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Curr Comput Aided Drug Des. 2015;11(3):258-65.

Molecular Modeling Investigation of Folic Acid Conjugation to MDM2 Inhibitors for Enhanced Cellular Uptake and Target Binding.

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1
Department of Chemical Engineering, Widener University, One University Place, Chester, PA-19013 USA.

Abstract

The activation of tumor suppressor p53 protein through inhibition of its interaction with the oncogenic Murine Double Minute 2 (MDM2) protein presents a novel therapeutic strategy against cancer. Accordingly, several small-molecule inhibitors have been developed that mimic three hydrophobic groups of p53 involved in p53-MDM2 binding and thus block the p53-binding pocket on MDM2. Interestingly, presence of a fourth, solvent-exposed hydrophilic moiety in these MDM2 inhibitors is shown to enhance their binding to MDM2 by protecting the inhibitor-MDM2 binding interface from surrounding solvent. In this context, we hypothesized that vitamin folic acid (FA) may prove to be suitable as the hydrophilic cover for enhancing activity of present MDM2 inhibitors. The proposed conjugation of FA to MDM2 inhibitors may also lead to their enhanced and selective uptake by cancer cells, owing to significantly higher expression of the FA receptors on cancer cells compared to normal cells. Therefore, based on our novel hypothesis we designed FA-conjugated MDM2 inhibitors and investigated their binding with MDM2 protein as well as the FA receptor. Specifically, a molecular modeling approach combining flexible receptor docking and molecular mechanics energy minimization calculations revealed highly favorable interactions of FA-conjugated MDM2 inhibitors with both MDM2 protein and the FA receptor as compared to native crystal ligands. Furthermore, these binding interactions were found to be stable using 50,000 ps molecular dynamics simulations. In summary, the newly-designed molecules of this kind, with better MDM2 target binding and enhanced cellular uptake potential, may prove highly useful against cancer and thus warrant further experimental investigations.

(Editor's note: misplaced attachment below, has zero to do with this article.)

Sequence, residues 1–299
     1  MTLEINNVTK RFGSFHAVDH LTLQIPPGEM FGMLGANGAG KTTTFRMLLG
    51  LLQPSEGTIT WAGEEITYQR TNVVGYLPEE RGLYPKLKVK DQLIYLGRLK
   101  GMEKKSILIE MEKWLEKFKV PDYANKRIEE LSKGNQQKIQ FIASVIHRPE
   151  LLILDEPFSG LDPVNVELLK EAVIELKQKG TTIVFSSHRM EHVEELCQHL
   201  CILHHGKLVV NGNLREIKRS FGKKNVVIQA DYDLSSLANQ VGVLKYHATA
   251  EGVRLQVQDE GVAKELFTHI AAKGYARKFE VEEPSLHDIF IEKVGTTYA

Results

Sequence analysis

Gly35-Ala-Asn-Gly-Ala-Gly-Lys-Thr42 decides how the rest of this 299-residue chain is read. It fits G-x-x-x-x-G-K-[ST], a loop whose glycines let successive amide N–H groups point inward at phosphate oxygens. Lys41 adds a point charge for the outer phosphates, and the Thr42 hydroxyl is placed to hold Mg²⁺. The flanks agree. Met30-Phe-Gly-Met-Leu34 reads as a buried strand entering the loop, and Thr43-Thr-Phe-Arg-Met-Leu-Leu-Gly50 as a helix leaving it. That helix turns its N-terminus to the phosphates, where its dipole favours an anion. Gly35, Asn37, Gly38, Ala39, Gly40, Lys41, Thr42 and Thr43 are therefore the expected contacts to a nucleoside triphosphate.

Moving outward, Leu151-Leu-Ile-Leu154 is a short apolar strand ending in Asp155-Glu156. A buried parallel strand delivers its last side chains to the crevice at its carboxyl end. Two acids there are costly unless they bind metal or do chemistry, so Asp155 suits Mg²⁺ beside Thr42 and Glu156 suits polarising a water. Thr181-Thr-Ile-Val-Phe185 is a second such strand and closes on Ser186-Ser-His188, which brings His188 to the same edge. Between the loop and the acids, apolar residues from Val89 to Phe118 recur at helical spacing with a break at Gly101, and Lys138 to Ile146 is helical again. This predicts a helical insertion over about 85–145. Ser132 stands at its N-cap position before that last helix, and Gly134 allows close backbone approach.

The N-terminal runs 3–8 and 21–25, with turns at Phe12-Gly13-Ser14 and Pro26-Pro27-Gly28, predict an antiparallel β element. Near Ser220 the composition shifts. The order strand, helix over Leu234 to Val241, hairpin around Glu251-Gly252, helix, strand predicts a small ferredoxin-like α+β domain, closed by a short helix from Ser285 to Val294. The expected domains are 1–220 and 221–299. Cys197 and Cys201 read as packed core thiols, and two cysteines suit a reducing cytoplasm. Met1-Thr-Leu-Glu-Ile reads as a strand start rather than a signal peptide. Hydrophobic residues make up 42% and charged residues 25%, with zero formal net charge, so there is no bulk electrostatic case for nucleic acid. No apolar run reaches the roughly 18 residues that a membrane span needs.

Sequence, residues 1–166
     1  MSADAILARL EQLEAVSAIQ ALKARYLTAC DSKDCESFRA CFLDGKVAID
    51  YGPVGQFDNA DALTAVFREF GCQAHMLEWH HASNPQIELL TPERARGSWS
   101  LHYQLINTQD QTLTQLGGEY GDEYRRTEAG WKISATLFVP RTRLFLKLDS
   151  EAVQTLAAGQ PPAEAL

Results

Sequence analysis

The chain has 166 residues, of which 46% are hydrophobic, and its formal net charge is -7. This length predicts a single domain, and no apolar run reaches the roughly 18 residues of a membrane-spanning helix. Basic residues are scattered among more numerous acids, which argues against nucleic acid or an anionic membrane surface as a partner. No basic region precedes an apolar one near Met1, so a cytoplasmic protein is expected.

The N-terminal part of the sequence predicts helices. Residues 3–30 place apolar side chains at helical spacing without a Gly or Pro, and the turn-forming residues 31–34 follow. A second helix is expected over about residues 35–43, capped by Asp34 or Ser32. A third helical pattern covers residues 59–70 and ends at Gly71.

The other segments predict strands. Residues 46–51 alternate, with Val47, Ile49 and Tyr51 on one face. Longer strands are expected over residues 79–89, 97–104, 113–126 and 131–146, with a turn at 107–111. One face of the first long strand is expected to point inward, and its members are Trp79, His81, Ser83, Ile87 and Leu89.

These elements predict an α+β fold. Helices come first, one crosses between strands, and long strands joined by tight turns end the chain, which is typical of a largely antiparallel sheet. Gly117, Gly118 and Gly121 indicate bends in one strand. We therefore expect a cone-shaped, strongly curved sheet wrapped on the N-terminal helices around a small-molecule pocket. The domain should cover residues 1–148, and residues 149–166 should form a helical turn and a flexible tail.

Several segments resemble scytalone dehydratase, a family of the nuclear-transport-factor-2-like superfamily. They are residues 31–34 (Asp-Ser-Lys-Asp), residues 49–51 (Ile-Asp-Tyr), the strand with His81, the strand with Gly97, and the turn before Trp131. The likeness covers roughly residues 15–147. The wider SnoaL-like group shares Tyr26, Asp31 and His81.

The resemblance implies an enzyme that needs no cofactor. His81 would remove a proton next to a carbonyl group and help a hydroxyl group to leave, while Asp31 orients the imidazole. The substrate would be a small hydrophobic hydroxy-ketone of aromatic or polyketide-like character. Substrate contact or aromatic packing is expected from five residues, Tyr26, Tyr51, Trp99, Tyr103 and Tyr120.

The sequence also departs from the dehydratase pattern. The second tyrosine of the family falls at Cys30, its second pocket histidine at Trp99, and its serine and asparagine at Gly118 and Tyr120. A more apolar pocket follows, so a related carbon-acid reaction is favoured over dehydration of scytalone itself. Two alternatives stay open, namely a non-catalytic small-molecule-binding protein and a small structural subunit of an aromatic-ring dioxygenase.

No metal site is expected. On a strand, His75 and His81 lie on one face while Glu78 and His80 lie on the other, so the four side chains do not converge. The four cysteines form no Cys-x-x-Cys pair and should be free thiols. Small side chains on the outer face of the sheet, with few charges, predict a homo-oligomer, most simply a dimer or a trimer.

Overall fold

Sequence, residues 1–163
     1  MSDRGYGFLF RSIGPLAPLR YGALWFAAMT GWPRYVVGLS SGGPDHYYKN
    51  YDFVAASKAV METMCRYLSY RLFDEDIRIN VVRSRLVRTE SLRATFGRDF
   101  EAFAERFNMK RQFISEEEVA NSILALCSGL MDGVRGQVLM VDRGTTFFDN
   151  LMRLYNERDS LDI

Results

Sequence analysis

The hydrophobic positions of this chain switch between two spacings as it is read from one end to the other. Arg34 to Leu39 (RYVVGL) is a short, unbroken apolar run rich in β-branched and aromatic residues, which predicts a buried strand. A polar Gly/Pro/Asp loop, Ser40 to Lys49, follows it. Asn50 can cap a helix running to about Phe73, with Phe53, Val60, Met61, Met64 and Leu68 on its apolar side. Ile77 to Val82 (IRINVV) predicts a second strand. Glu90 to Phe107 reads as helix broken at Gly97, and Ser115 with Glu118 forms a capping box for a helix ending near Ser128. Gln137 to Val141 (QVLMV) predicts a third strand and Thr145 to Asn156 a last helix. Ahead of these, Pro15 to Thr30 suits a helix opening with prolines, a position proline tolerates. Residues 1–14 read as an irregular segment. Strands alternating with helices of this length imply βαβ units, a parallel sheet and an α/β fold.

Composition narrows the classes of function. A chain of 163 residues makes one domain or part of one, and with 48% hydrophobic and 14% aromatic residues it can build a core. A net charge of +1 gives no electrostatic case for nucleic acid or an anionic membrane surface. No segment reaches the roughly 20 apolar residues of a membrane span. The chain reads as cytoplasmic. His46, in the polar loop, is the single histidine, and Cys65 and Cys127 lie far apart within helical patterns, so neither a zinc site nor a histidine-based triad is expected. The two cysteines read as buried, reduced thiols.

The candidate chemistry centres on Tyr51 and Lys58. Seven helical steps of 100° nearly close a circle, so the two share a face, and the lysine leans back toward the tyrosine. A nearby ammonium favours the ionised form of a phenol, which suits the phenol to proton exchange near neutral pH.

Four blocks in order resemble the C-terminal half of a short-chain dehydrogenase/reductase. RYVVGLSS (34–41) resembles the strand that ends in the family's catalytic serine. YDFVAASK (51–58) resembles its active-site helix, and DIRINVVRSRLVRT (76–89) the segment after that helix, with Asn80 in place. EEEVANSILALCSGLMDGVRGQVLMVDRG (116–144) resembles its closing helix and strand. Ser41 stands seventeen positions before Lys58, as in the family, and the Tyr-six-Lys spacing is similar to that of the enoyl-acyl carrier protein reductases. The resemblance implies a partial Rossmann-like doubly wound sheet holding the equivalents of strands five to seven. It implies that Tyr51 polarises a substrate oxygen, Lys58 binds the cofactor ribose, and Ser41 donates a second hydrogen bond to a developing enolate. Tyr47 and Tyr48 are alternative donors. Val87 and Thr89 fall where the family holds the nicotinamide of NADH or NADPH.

PMID:
26265252
[Indexed for MEDLINE]

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